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Tennart v. City of Baton Rouge

United States District Court, M.D. Louisiana

June 28, 2017

LEROY TENNART, ET AL.
v.
CITY OF BATON ROUGE, ET AL.

          RULING AND ORDER ON MOTION TO CONDUCT PRE-RULE 26(F) CONFERENCE EXPEDITED DISCOVERY REGARDING IDENTITIES OF FICTITIOUS DEFENDANTS

          ERIN WILDER-DOOMES UNITED STATES MAGISTRATE JUDGE

         Before the court is a Motion to Conduct Pre-Rule 26(f) Conference Expedited Discovery Regarding Identities of Fictitious Defendants (the “Motion to Conduct Expedited Discovery”).[1] The Motion to Conduct Expedited Discovery was filed by plaintiffs, Leroy Tennart, Deon Tennart, Eddie Hughes, III, individually and on behalf of Godavari Hughes, Brachell Brown, Christopher Brown, Elcide Harris, Zachary Hill, and Thomas Hutcherson (collectively, “Plaintiffs”). A hearing on the Motion to Conduct Expedited Discovery was held on June 27, 2017. In addition to argument from Plaintiffs' counsel, counsel for The City of Baton Rouge and counsel for Sid J. Gautreaux, III attended the June 27, 2017 hearing and presented argument. At the conclusion of the hearing, the matter was taken under advisement. For the reasons set forth herein, the Motion to Conduct Expedited Discovery is GRANTED IN PART AND DENIED IN PART.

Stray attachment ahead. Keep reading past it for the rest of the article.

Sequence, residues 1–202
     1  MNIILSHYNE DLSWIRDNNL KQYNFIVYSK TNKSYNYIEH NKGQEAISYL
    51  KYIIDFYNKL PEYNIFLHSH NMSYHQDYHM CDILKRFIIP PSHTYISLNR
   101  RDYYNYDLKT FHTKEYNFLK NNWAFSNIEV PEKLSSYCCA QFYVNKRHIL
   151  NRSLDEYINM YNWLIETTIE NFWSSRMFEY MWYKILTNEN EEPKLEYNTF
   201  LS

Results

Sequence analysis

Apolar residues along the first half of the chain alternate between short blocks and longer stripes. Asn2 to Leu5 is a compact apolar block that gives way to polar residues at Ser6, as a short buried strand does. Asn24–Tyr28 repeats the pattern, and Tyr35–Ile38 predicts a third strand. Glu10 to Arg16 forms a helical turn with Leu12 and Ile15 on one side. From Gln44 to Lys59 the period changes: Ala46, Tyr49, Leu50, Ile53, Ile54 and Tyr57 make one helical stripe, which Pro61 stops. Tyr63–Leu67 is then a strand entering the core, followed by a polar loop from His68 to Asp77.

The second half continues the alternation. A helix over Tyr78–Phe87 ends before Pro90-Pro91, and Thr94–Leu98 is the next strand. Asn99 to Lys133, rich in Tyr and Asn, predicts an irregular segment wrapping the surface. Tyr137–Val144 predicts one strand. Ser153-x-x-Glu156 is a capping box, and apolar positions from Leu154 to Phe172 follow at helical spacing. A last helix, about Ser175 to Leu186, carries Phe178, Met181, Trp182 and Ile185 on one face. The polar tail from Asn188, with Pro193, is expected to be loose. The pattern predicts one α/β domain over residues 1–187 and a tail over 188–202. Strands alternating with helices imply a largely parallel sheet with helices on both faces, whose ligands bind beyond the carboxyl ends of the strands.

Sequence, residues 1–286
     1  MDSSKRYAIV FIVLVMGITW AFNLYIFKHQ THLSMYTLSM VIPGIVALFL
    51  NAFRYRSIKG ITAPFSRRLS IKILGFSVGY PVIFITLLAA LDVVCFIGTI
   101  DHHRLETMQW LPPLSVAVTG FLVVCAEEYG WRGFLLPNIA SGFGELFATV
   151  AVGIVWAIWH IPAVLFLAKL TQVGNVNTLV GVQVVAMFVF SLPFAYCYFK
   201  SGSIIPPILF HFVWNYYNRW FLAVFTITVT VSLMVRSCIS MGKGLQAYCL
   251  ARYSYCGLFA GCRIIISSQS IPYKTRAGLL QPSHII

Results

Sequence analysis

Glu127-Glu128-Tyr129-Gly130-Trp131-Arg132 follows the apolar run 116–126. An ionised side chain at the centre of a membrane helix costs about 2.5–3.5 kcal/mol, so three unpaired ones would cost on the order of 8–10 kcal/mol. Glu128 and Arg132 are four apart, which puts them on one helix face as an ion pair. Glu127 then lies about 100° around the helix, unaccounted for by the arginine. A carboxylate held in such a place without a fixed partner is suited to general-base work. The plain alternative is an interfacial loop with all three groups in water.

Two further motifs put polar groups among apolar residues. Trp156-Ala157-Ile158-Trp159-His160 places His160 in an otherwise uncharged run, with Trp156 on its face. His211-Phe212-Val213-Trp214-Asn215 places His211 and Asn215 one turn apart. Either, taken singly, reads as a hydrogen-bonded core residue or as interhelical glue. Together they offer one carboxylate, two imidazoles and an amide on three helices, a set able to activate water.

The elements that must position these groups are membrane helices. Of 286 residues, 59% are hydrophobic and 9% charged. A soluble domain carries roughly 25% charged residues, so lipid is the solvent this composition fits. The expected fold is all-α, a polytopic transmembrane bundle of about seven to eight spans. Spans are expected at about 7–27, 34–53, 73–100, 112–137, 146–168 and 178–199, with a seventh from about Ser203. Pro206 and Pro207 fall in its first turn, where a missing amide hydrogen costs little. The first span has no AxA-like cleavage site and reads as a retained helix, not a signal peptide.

I. Background

         This suit arises out of the July 5, 2016 shooting of Alton Sterling and the subsequent protests that occurred in Baton Rouge, Louisiana on July 8-10, 2016. On March 23, 2017, Leroy Tennart, Deon Tennart, Eddie Hughes, III, Godavari Hughes, Elcide Harris, Zachary Hill, and Thomas Hutcherson filed a Civil Rights Complaint alleging that they were wrongfully arrested during the July 8-10, 2016 protests in violation of their constitutional rights.[2]